“You can’t have it both ways!” There are many things we wish for and make decisions about. The most important decisions put us on a path we cannot veer from if we are going to be faithful to them. When we do, we have conflicting thoughts and feelings and we can hurt others as well as ourselves in the process. Today’s Gospel presents a parable where greed and selfishness take precedence over gratitude and humility. A landowner plants a vineyard and sets everything up, even to the point of installing a wine press. Then he rents it out to tenants and expects a piece of the profits. When he sends representatives to collect what is justly his, they are beat up and some are even killed. Finally, he sends his son with the hope that the tenants will respect him. But they do not. The tenants see this as an opportunity to take the vineyard for themselves as they kill even the son. The parallel here is that that God’s chosen people were sent prophets again and again to call them back to faithfulness, to recognize that all they are and have are a result of God’s goodness to them. Finally, the Son of God, Jesus, came to give us the fullness of life and even He was rejected.READ MORE
How sad to see the destruction of the hurricanes in the Caribbean nations and our own country these past few weeks. How good it is to see our government and ourselves not only being concerned and praying for them, but contributing financially to help them rebuild. This coming Sunday, October 1st, we will have a second collection to assist those who have to put their lives, residences, and businesses back together.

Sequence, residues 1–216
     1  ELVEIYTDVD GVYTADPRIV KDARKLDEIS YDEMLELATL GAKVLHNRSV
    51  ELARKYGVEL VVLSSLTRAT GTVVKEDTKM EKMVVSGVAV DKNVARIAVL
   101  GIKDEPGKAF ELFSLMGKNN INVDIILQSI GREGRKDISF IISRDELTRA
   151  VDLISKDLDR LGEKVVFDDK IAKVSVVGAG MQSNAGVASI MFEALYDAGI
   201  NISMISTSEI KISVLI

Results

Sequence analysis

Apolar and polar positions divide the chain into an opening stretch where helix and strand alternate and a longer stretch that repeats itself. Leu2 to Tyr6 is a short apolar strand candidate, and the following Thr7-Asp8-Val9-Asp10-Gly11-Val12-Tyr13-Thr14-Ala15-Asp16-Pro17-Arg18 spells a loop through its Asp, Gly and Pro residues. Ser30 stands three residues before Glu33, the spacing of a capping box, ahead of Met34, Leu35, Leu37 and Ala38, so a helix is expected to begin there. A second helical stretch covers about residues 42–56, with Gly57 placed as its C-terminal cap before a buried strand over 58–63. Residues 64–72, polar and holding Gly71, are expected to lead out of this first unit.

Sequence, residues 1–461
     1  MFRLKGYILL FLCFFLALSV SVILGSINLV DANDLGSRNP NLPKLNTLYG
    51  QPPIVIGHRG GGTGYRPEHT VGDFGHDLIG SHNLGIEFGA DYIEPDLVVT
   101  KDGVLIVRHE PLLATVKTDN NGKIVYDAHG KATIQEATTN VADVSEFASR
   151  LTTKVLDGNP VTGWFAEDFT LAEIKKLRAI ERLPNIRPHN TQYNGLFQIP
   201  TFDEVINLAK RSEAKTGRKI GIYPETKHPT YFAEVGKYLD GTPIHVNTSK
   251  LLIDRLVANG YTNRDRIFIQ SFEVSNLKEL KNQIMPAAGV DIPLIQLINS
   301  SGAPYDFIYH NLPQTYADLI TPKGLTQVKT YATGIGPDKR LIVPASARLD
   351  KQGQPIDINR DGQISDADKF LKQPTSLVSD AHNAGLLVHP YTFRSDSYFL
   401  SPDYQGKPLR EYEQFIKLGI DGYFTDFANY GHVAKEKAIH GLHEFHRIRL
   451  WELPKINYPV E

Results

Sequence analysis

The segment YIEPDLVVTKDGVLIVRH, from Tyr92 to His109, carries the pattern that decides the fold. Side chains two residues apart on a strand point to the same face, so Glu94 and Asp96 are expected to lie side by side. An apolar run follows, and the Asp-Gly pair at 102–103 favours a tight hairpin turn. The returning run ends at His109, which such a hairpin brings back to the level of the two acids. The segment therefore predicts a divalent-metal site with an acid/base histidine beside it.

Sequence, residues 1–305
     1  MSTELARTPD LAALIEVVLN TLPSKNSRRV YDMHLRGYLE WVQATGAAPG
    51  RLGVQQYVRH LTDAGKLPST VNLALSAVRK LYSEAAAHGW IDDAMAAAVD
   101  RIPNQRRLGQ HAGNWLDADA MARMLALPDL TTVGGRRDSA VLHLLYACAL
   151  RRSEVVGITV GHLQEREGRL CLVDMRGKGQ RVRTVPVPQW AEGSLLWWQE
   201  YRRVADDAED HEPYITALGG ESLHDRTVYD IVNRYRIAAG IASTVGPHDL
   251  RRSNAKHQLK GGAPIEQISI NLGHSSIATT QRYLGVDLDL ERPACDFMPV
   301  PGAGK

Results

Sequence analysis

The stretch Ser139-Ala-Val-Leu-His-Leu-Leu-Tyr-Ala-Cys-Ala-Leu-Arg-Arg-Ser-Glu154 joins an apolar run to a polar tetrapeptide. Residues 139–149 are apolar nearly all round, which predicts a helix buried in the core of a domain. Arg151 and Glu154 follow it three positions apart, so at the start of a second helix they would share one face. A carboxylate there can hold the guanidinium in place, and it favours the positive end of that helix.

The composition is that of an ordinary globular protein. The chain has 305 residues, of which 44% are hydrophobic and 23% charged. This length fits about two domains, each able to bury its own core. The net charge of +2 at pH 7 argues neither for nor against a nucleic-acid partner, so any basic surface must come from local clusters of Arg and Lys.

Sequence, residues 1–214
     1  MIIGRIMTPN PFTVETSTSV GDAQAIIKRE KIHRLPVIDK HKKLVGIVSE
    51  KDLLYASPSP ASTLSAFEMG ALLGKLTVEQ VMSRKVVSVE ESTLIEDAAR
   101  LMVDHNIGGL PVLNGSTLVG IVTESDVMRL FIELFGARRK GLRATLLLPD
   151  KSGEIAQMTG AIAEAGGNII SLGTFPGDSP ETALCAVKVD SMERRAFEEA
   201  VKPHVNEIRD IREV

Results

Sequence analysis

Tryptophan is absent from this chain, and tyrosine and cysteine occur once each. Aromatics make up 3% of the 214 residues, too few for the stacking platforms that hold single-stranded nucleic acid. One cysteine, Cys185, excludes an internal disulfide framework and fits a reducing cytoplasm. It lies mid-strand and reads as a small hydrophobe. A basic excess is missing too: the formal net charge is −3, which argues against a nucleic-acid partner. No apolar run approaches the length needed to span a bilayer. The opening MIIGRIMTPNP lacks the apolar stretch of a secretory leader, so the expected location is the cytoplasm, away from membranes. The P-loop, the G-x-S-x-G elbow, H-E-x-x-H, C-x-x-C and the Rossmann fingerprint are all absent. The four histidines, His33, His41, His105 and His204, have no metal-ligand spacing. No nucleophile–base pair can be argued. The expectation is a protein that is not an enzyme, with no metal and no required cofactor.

Today’s Gospel challenges us to reflect on the destruction, chaos, and suffering our words can bring to others and ourselves. In this passage from Matthew 21:28-32, we see Jesus pose a question to the religious leaders gathered around him: “What is your opinion? A man had two sons. He came to the first and said, ‘Son, go out and work in the vineyard today.’ He said in reply, ‘I will not,’ but afterward, he changed his mind and went. The man came to the other son and gave the same order. He said in reply, ‘Yes, sir,’ but did not go. Which of the two did his father’s will?” They answered, “The first.” Jesus said to them, “Amen, I say to you, tax collectors and prostitutes are entering the kingdom of God before you.” At times we are like the first son and say how we feel and then rethink what has been asked and what we said and change our minds. It is always life-giving and puts us on the path to inner peace when we do what we know is right. But we are also like the second son at times as well. It is much “easier” at the spur of the moment to tell others what they want to hear rather start an argument or have hard feelings. But we know the result. At some point, our dishonesty and empty words will cause anger, hard feelings, or disappointment. In one of the resources, I use to help prepare my Sunday homilies the commentary for this Gospel passage used an example of empty words from the movie Mary Poppins. In a scene at the end of her first day as the new nanny, while she is putting children Jane and Michael to bed, Jane asks, “You will never leave us, will you? Her younger brother quickly joins in and says, “Will you stay if we promise to be good?” Mary smiles and replies, “That’s a piecrust promise. Easily made. Easily broken.”READ MORE